Embargo Watch

Keeping an eye on how scientific information embargoes affect news coverage

*Assisted fertility-birth abnormalities embargo lifted early after Sunday Times story but “it appears that they are not entirely to blame this time”

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The Sunday Times has broken another embargo, this one of a study on a higher risk of birth abnormalities among babies conceived through assisted fertility treatments. The study is scheduled to be presented tomorrow (Monday) at the European Society of Human Genetics meeting in Gothenburg, Sweden, and was embargoed until a minute after midnight Central European Time Monday. The Sunday Times story, by Jonathan Leake, was posted sometime late Saturday.

However, according to from Mary Rice, who is handling media relations on the study, there’s more to the embargo break. In an email sent to her press list at 5:34 a.m. Eastern today, she wrote:

The 00.01 CEST Monday embargo has been broken on this story, so I am lifting the embargo with immediate effect and you are free to use it straight away.   I am trying to find out what happened; although the break came from the Sunday Times, it appears that they are not entirely to blame this time.    I’ll keep you posted.

I, too, will keep Embargo Watch readers posted as I hear more. Here’s coverage by my Reuters colleague Kate Kelland, posted after the embargo lifted.

Update, 11:30 Eastern, 6/13/10: In an email responding to my request for details, Mary said this “seems to have been a chapter of accidents.”

Apparently on Friday reporters from two UK nationals called the HFEA [UK’s Human Fertilisation and Embryology Authority] for a comment on the story, which I’d sent out under embargo late on Thursday afternoon.     They didn’t mention that the story was embargoed, and the HFEA didn’t ask.   One of the reporters sent the HFEA the abstract, but not the press release.

Thinking that the findings might be of concern to patients, the HFEA put a short statement on their website.  Jonathan Leake happened to see it and called the HFEA asking for more details.  They referred him to the abstract.   As far as I know he didn’t see the press release so may not have been aware of the embargo.

On reflection, I should probably have sent the release to the HFEA in advance, knowing that they could get requests for comment.   But then I should have sent to all the fertility regulatory authorities worldwide, which would be a complicated logistical exercise with even more scope for an embargo break.  And I would have expected the HFEA to ensure that there was no embargo before making a public statement.

I’ll be sending a note round to my media list about this, and would be interested to know how readers of Embargo Watch think this situation could have been avoided.

Sounds like one of those things that can happen when lots of institutions are putting out their own releases. So what advice would you have for Mary, Embargo Watch readers?

Update, 10:20 a.m. Eastern, 6/15/10: It turns out that this abstract, and others from the ESHG conference, were freely available on the Society’s site. If you went straight to that link, there’s no mention of an embargo. If you got there from the conference program site, you saw this:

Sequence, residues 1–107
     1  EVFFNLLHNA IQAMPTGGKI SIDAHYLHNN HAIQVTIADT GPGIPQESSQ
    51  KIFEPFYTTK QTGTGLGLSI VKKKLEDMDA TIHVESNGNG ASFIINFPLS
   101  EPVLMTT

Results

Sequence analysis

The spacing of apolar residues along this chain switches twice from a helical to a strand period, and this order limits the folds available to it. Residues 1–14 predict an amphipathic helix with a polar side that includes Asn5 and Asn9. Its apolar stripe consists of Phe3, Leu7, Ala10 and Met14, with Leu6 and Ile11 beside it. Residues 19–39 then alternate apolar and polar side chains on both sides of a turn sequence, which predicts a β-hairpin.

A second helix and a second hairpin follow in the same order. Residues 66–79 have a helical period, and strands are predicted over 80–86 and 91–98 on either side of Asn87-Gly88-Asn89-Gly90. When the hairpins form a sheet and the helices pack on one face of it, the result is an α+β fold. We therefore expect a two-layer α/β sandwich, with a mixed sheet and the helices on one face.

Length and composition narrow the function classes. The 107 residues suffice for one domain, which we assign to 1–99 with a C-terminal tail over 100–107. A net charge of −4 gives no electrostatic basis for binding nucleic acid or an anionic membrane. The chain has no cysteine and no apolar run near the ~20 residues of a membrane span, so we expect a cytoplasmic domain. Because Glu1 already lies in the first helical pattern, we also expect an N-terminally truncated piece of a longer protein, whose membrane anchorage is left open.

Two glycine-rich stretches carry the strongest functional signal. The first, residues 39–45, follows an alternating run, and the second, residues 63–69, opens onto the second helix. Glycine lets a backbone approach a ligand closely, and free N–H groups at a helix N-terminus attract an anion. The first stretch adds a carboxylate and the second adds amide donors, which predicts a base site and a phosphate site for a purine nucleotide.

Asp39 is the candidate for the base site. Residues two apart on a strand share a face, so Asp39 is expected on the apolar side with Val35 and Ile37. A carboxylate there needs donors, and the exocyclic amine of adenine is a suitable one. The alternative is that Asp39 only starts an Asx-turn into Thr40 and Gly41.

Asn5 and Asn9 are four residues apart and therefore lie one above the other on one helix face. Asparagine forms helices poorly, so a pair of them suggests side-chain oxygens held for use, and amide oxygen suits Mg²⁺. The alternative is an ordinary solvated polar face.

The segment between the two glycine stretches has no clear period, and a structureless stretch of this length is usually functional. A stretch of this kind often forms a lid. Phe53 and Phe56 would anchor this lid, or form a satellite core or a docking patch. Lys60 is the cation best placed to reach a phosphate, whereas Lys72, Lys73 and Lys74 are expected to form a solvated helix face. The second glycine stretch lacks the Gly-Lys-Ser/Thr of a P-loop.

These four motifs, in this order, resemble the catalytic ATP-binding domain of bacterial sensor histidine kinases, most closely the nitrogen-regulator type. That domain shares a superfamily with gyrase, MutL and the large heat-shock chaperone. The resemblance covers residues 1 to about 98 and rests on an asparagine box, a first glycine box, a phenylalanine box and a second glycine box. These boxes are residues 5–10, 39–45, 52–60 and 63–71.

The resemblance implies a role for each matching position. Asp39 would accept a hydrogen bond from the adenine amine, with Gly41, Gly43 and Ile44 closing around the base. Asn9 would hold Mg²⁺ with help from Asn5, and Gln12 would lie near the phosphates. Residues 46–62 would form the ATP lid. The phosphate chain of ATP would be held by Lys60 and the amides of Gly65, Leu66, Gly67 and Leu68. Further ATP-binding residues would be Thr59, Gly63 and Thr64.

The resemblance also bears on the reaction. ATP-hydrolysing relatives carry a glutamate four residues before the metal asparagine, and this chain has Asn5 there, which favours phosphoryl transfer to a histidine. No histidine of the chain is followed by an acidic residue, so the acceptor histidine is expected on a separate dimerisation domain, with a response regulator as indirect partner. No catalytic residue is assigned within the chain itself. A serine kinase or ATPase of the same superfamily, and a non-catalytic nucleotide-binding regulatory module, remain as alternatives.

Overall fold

Important note for journalists

Abstracts are made available in advance to enable journalists to prepare stories for publication at the time of the conference. All abstracts are STRICTLY embargoed for the date and time of presentation, unless otherwise agreed with the ESHG press officer. Embargo-breaking will result in the withdrawal of media facilities to the individual journalists and to the publications concerned before, during, and after the conference.

My two cents: If you’re going to embargo something, don’t make it freely available. It’s hard to justify an embargo at that point. And if you still insist on making it freely available, with breaks subject to sanctions despite that, make sure the embargo stamp is visible no matter how reporters get to it. That’s what the American Journal of Respiratory and Critical Care Medicine, subject of an early Embargo Watch post, does.

*Update, 1:50 p.m. Eastern, 6/15/10: Now that the details of this incident are a bit more clear, I’ve changed the headline to better reflect what happened.

Written by Ivan Oransky

June 13, 2010 at 9:05 am

Posted in Uncategorized

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One Response

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  1. In an email to me, Natasha Loder makes the point that it is unrealistic to expect people asked for comment to know the embargo status of stories. She suggests specifying on the news release that journalists can only request comment from people who have agreed to abide by the embargo.

    “If you expect the people who are commenting on the science to figure out that it is embargoed, then what happens when journalists contact ordinary scientists? It is the wrong way round. The only way this can work is if you remember to pass the responsibility to the people who are handling the information, i.e. the journalists.”

    I think this is a good suggestion and will add a note to this effect on all future releases. Thanks, Natasha.

    Mary Rice

    June 14, 2010 at 7:45 am


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